Maleficent: Movie Review

Maleficent_posterFirst off, I would just like to put it out there that there is no other actress in Hollywood who can pull off the role of Maleficent as well as Angelina Jolie. Ever since I’ve heard that they’ve cast her for the role, I’ve been really excited about this film, and when the time finally came that I finally saw the movie in its entirety, I must say that I was not disappointed.

Maleficent tells the story two kingdoms —  one ruled by a greedy and unjust king, and the moors,  a land populated with magical creatures and ruled by none. Maleficent belongs to the latter, and because of her power, she has appointed herself the guardian and protector of her people. When she meets a human, a boy named Stefan, her curiosity for humanity leads her to form a friendship with him and they eventually develop a romantic relationship. But Stefan’s ambition and thirst for power betrays his affection for Maleficent and he commits the ultimate treachery that broke her heart and set off the chain of events that eventually became the tale of Sleeping Beauty.

Maleficent is one of Disney’s best villains because she has an effortless grace about her that exudes sophistication and power. The original 1959 film depicted her as a ruthless and malicious fairy who wanted Aurora dead at all costs (for an unexplained reason) and for all intents and purposes, that version of Maleficent worked for the fairy tale version where Prince Philip slayed the dragon and finally wins peace for the kingdom, and then they lived happily ever after. Maleficent’s version of the story starts way before the events of the fairy tale, where it was explained how she became the sad, lonely and vindictive fairy she was. Compared to the original Disney classic, there were some parts of both stories that did not match, and audiences will feel confused for a bit, but it all ties together in the end.

Jolie did a marvelous job as Maleficent, not only because she looked (and sounded) the part but because she presented new layers to the character with her excellent acting. The money shots were actually the close ups when she didn’t  say anything but let her eyes do the emoting. These scenes were so powerful that audiences immediately understand her anguish. My favorite parts of the movie were actually when her real life daughter Vivienne played Aurora at age 3 gave her a big hug and touched her horns. Another was when she had a change of heart about the curse and tried to make things right — the intensity of that scene was so moving. It was interesting to see how differently she actually felt about Aurora from the original movie and the role she played while Aurora was growing up.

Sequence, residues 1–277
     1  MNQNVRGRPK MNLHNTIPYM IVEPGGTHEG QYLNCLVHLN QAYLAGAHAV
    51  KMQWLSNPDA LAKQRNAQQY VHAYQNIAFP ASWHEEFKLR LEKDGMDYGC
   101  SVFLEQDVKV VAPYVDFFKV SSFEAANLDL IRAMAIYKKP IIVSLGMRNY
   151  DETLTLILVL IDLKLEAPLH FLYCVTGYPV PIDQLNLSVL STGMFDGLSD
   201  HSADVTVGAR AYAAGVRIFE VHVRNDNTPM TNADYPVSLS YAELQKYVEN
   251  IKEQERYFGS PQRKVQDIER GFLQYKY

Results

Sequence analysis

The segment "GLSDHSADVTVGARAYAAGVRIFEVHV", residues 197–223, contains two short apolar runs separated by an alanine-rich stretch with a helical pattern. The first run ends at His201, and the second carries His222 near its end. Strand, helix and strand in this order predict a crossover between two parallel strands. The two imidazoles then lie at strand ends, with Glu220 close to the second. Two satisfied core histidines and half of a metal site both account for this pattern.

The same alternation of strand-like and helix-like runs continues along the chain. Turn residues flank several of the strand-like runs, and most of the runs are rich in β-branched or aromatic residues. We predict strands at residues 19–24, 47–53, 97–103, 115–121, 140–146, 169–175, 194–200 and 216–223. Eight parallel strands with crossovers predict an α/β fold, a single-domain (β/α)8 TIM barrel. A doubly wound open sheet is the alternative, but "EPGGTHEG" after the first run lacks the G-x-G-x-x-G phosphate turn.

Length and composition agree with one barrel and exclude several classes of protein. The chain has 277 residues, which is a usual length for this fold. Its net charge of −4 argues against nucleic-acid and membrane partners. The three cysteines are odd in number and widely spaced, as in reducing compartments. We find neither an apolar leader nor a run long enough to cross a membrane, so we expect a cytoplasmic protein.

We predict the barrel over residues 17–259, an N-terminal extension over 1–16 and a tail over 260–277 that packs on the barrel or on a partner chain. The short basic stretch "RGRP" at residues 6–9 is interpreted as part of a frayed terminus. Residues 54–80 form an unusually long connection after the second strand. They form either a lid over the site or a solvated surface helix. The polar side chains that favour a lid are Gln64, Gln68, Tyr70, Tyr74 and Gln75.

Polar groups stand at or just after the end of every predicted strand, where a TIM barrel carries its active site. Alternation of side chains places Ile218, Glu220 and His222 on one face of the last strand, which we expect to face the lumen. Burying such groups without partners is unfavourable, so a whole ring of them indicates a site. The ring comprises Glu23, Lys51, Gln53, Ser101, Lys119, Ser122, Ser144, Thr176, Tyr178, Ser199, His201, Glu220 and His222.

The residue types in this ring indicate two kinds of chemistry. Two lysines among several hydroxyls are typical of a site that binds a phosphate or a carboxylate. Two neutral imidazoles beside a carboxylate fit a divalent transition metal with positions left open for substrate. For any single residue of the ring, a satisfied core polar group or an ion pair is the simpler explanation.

It was weird that they cast Leslie Manville, the same person who tormented Harry Potter and his pals as Dolores Umbridge, to play the role of Flittle, one of the pixies who helped raised Aurora. It was weird because I kept expecting her to do something nasty, which is a testament to her effectiveness in her villainess role in HP. Sharlto Copley as King Stefan and Sam Riley as Diaval, Maleficent’s confidante and right hand raven, were also standouts in this movie.

I can’t really fault Disney for its design and animation because it was beautifully done, especially the dragon. The designs were also consistent with the original Sleeping Beauty, except for the fairies, who turned out to be pixies with different names. So, good job to the design team.

All in all, Maleficent is really Angeline Jolie’s movie. And it was basically a narration of the story from a different point of view. Its a darker, yet more human approach to the story which still ended up happy, although at first it would end up more tragically. It was fairly predictable but I actually enjoyed it. It is after, all, a kiddie movie and kids will definitely look at Maleficent differently now.

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2 thoughts on “Maleficent: Movie Review

  1. The movie was definitely a pretty one. However, that seemed to be the only thing that this movie really had going for it, since there was a barely a story here to begin with. Good review.

    Like

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